New Mexico v Harvard

2013-14 Ivy League Preview: The year of the Crimson

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All month long, CBT will be rolling out our 2013-2014 season preview. Check back throughout the day, as we’ll be posting three or four preview items every day.

To browse through the preview posts we’ve already published, click here. To see the rest of the Conference Previews we’ve published, click here. For a schedule of our previews for the month, click here.

Expectations have never been higher for an Ivy League team heading into a season. On the heels of upsetting New Mexico in the 2013 NCAA Tournament, having Kyle Casey and Brandyn Curry rejoin the program, and welcoming the highly-touted recruit Zena Edosomwan to the team, Harvard is the clear-cut favorite to win the Ivy League. Not to mention, the Crimson also return first team all-Ivy players Wesley Saunders and Siyani Chambers, and sharpshooter Laurent Rivard. It is a supremely talented roster that Tommy Amaker, now in his seventh year, has constructed.

It’s hard to see another team seriously challenging the Crimson, but if there is a challenge it will come in the form of the southernmost school in the league, Pennsylvania. After experiencing a great deal of success in 2011-12, registering 20 wins and an 11-3 league record, the Quakers regressed last year, going just 9-22. Miles Jackson-Cartwright and Tony Hicks make for a dynamite backcourt, along with freshman guard Matt Howard – who received offers from BCS schools – who will provide meaningful minutes, as well.

Harvard’s biggest rival, Yale, also figures to be a factor. James Jones, the longest tenured coach in the Ivy League, had the Bulldogs playing their best basketball of the year in the final ten games going 7-3 down the stretch. Plus, they return many of their primary pieces save for guard Austin Morgan.

One of the more intriguing teams in the league who appear to be on the upswing with Mike Martin now at the helm is Brown. Last year’s Defensive Player of the Year, Cedric Kuakumensah, is back for his sophomore season, but losing Tucker Halpern is a big blow for the Bears.

Of course, it would be foolish to think Princeton won’t be in the mix. Despite losing last year’s Player of the Year Ian Hummer, Denton Koon and T.J. Bray return for Mitch Henderson.

PRESEASON IVY LEAGUE PLAYER OF THE YEAR: Wesley Saunders, Harvard

Saunders (16.2 ppg, 4.2 rpg, 3.5 apg, 1.8 spg) made a tremendous jump from his freshman to sophomore season – he had to with Casey and Curry’s absence – and will continue to be a focal point on offense for the Crimson.

FOUR MORE NAMES TO KNOW

  • G Siyani Chambers, Harvard: The best point guard in the league on the best team in the league.
  • G Tony Hicks, Pennsylvania: May lead the league in scoring as a sophomore after averaging 15.3 ppg in league games last season.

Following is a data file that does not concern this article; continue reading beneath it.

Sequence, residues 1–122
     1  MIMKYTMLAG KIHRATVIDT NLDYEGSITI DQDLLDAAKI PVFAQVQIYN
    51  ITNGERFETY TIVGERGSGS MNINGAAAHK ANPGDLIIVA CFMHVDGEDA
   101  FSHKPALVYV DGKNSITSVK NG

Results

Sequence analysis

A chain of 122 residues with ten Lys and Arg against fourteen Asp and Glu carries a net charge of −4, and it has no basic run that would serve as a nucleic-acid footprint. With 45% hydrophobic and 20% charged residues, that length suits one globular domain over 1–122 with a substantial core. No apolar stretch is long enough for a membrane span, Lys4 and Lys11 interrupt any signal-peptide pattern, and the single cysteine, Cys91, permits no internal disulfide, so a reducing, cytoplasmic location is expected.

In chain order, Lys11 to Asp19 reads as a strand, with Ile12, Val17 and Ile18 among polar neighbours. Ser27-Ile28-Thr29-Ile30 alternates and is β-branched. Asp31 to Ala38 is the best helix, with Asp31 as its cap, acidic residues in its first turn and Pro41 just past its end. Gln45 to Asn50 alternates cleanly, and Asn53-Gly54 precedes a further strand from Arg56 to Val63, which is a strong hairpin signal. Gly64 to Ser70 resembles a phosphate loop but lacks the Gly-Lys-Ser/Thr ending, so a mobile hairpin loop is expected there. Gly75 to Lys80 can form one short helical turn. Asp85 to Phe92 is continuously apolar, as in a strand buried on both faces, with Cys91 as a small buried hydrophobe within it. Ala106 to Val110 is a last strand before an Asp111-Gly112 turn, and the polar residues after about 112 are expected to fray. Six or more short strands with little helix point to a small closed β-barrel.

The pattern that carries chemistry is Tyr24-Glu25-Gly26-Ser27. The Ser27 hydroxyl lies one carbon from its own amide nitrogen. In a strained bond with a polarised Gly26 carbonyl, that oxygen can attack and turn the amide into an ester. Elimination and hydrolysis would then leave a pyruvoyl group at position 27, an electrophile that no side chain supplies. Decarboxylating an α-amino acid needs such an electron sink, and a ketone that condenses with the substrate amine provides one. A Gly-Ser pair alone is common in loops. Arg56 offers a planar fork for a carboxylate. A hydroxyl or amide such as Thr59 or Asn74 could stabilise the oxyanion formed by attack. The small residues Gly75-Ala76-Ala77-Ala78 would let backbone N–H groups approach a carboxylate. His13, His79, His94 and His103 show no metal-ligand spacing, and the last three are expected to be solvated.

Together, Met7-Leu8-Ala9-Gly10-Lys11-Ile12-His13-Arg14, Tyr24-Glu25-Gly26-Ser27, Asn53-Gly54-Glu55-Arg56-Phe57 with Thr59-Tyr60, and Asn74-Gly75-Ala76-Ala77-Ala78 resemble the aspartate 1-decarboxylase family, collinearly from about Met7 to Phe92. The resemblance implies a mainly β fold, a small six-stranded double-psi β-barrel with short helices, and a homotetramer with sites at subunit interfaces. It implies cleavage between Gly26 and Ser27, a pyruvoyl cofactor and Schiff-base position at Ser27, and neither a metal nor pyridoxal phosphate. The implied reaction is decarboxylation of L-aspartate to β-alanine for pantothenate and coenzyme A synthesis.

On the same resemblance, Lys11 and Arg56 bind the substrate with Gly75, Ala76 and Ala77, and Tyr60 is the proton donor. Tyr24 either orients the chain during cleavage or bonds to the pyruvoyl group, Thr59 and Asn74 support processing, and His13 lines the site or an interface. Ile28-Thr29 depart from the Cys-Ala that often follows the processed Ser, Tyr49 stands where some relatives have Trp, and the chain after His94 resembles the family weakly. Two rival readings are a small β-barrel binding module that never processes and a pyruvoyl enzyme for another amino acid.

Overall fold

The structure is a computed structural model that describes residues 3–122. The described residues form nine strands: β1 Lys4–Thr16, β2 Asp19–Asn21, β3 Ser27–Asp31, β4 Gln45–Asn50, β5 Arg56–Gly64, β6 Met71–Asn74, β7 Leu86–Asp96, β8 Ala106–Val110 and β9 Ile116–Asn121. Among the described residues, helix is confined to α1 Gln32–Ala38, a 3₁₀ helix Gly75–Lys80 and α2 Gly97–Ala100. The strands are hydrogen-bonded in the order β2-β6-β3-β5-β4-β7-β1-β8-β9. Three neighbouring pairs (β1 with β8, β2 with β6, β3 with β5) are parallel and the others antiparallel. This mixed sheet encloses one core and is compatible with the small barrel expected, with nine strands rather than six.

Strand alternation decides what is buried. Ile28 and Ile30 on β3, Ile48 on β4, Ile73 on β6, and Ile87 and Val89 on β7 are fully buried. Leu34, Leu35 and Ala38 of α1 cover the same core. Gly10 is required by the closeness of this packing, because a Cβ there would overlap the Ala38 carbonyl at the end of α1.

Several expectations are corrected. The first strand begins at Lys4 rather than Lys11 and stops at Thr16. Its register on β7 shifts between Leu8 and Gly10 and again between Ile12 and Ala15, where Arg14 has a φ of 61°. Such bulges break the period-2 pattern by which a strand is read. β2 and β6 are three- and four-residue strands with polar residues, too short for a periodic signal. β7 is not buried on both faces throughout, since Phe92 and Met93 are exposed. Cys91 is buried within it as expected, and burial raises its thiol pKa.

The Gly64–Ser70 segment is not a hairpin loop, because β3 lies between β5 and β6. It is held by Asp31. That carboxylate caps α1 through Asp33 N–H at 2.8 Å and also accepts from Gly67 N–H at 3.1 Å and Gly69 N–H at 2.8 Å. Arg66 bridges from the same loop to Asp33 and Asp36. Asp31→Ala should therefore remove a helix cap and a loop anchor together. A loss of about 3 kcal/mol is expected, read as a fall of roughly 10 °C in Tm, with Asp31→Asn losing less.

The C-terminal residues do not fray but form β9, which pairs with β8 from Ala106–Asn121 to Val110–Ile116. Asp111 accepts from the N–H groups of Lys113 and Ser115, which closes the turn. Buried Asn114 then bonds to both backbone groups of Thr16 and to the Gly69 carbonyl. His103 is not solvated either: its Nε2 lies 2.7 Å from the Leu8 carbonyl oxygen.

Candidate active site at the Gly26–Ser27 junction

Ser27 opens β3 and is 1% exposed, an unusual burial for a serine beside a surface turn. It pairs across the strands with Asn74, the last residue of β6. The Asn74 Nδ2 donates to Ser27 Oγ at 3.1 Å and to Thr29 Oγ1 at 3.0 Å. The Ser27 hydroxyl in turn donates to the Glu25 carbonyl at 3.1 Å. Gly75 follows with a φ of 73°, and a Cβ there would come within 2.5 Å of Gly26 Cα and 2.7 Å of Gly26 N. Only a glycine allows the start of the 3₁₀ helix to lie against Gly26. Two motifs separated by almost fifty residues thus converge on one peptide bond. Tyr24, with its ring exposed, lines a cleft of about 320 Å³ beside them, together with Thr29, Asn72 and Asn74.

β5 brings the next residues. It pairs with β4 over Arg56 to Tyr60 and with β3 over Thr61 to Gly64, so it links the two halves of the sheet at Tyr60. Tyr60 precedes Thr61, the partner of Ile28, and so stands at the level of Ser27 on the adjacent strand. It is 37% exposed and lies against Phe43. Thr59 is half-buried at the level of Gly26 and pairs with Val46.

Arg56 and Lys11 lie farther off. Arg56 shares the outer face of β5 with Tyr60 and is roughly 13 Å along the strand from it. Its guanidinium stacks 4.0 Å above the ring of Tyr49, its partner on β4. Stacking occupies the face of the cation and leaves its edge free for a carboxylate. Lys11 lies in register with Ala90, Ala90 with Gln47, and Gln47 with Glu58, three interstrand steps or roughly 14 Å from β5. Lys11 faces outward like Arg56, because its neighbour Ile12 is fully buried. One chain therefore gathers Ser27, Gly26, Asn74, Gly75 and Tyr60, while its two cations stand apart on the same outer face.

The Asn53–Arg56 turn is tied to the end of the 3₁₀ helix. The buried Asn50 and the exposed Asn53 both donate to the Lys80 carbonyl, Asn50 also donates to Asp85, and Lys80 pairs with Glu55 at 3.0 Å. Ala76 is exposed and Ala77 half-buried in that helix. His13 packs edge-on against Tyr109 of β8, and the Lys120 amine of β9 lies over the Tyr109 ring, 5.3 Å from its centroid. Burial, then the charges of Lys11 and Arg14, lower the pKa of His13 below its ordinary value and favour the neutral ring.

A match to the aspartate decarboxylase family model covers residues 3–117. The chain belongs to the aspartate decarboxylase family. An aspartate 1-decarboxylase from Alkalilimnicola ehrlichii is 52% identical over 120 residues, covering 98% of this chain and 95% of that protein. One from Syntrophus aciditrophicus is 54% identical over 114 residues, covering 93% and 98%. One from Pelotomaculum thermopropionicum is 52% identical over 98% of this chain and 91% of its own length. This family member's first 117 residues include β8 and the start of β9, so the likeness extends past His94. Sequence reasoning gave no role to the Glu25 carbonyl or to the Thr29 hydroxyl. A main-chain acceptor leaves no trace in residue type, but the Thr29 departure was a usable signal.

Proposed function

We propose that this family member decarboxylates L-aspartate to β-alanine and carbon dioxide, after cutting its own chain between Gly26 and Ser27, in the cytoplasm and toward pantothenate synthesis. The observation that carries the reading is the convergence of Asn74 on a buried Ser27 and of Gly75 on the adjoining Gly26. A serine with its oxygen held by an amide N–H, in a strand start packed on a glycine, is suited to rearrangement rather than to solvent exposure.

• F Shonn Miller, Cornell: Nobody fills up a box score quite like Miller who averaged nearly two steals and blocks last year.
  • F Cedric Kuakumensah, Brown: A menace on the defensive end who will only improve offensively.

ONE TWITTER FEED TO FOLLOW: @ivybball

PREDICTED FINISH

1. Harvard
2. Pennsylvania
3. Yale
4. Brown
5. Princeton
6. Columbia
7. Cornell
8. Dartmouth

Gonzaga’s NCAA tournament chances take a major blow in loss to No. 16 SMU

SMU guard Nic Moore (11) shoots over Gonzaga forward Kyle Wiltjer (33) during the first half of an NCAA college basketball game, Saturday, Feb. 13, 2016, in Dallas. (AP Photo/Jim Cowsert)
(AP Photo/Jim Cowsert)
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Nic Moore scored 18 of his 25 points in the second half and added 11 assists as No. 16 SMU knocked off Gonzaga in Moody Coliseum on Saturday night, 69-60.

The Zags got 20 points and 16 boards from Domantas Sabonis, but Kyle Wiltjer scored just four points and shot 2-for-17 from the floor.

It wasn’t pretty.

And it may have been the end of Gonzaga’s NCAA tournament hopes.

Entering Saturday, the Zags had an RPI in the mid-60s, enough to keep them in the bubble conversation but not enough to make them anything more than a team that will be projected to end up on the cut-line.

The issue is a complete lack of quality wins on their résumé. Gonzaga beat UConn in the Bahamas. That’s a borderline top 50 win. They beat Washington, another borderline top 50 win. Beyond that? They swept Pepperdine, beat Tennessee and own a win over Montana. None of those are top 100 wins, and that’s why the SMU game was such a big deal. The Mustangs are a top 25 team. This was a road game. This win was the kind of thing that the Zags could pin at the top of their profile.

But Wiltjer didn’t show up, the Zags had no answer for Moore and they’ll head back to Spokane needing, in all likelihood, to win the WCC’s automatic bid if they want to dance.

POSTERIZED: Cal’s Jaylen Brown has his dunk contest entry

California's Jaylen Brown lays up a shot against Oregon State in the second half of an NCAA college basketball game Saturday, Feb. 13, 2016, in Berkeley, Calif. (AP Photo/Ben Margot)
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Cal picked up a big win over Oregon State in Haas Pavilion on Saturday night, and the exclamation point was this emphatic dunk from Jaylen Brown: